Because the Map Act prevented property owners from developing on their own land without permission from the state, it raised a number of issues, including the Constitutional legality of such a law. When it was passed, it:
These limitations have sparked hundreds of claims. While each claim is taken independently, and the circumstances of each case may be different, many property owners have been successful in recovering compensation that otherwise would have been lost because of the Map Act.
The Constitution does allow government agencies the right to take property from citizens for public use if the property owner is given fair compensation. Unfortunately, in cases of eminent domain, compensation is often not offered at the appropriate market value. In cases involving the Map Act, NCDOT’s development corridors essentially took the land from property owners before they were compensated.
If your property has been impacted by the Map Act, you will want to consult with an attorney. They can help you understand the circumstances of your case and what you may be entitled to recover. The first step is to bring an inverse condemnation claim against the NCDOT as well as against any other parties involved. An inverse condemnation claim is used in cases of eminent domain in which a property owner feels like they have not been offered just compensation in the taking of their property.
Once the claim is filed, you will have the right to a trial by jury, in which the evidence will be presented and the jury will decide if you are eligible for compensation. Should you be successful in your claim, you are not only entitled to fair and just compensation for your land, but you also may be entitled to 8% interest from the time the land was taken, along with the back taxes that may be owed due to the change in land value.
The timeframes involved in Map Act cases are generally assumed to be the time in which the property was listed on a corridor map. However, the specific circumstances of your case may vary depending on the date on which you purchased the land.
In addition, cases of eminent domain, including claims involving the Map Act, allow the property owner to ask for attorney fees to be included as part of the compensation.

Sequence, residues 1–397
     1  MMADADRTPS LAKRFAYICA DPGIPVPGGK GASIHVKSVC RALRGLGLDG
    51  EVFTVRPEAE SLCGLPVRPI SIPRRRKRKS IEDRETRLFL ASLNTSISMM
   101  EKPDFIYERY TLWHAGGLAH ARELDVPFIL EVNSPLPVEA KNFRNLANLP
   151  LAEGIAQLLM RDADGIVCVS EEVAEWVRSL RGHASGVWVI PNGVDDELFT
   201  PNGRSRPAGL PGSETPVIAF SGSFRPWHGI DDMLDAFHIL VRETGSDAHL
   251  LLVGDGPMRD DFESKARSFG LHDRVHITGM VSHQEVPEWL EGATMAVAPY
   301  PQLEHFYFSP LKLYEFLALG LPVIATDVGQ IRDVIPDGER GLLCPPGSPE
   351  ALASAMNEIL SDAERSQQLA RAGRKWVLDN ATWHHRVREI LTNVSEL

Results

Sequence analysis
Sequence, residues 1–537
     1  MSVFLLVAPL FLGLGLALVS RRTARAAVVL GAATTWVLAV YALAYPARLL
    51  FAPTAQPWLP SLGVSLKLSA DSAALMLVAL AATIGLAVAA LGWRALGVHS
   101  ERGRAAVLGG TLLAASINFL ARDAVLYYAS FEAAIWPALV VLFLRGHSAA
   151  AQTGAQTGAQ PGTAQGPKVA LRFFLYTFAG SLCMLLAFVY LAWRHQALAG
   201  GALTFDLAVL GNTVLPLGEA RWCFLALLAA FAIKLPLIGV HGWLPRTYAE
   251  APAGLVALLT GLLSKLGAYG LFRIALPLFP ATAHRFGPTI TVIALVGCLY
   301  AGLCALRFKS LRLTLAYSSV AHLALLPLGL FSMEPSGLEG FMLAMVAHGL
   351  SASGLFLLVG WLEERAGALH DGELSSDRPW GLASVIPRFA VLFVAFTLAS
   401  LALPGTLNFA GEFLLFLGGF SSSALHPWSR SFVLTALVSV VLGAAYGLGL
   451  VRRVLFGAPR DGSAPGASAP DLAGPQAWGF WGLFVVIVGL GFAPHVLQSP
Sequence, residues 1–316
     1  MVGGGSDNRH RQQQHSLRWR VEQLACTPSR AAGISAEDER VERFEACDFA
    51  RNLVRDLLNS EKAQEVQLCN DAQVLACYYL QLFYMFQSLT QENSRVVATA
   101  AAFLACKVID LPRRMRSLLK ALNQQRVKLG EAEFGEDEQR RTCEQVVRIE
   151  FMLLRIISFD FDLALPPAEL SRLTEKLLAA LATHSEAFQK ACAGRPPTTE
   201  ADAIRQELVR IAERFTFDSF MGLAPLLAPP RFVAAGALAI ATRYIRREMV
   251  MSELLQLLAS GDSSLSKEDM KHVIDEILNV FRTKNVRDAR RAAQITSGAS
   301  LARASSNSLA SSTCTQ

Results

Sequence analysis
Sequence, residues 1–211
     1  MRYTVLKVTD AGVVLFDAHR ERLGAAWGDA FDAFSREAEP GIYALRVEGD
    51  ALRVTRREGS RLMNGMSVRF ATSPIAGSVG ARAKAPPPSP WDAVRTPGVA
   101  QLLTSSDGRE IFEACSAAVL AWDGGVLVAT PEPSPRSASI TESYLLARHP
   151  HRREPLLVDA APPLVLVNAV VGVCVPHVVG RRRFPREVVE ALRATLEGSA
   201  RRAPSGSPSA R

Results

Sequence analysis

In some cases, you may enter into mediation rather than a jury trial. In cases that involve mediation, an independent third party will seek to help you and the entity you are filing the claim against reach a reasonable agreement, forgoing the necessity of a jury trial.
Cases of eminent domain can be difficult because your options seem limited, as others have made the decisions about your land without considering its impacts on you or your family. However, eminent domain, particularly in the form of the Map Act, deserves to be challenged to ensure that the compensation you receive is just.
Property owners impacted by the Map Act have repeatedly shown that their rights were not met, and they have been receiving compensation for the unjust treatment they received as a result of the development corridor maps.
Whether your property has been condemned in an eminent domain case or the threat has hung over you as a result of the Map Act, you should speak with an attorney. They can help you understand your options and what finances you may be able to recover. Because attorney fees are often part of the settlement, the cost of fighting for your rights will be borne by someone else.
Understanding how the Map Act may have impacted your property can be confusing. You may be wondering if you are entitled to compensation because your property was once identified in a development corridor. If you or a loved one has owned property that was a part of the NCDOT corridor maps, you should speak with a skilled and experienced real estate attorney. At DeVore, Acton & Stafford, P.A., our team has been helping clients across North Carolina recover money owed as a result of the Map Act or from any eminent domain case. We understand the rights of our clients as property owners. Let us help you get the answers that you deserve. Contact our offices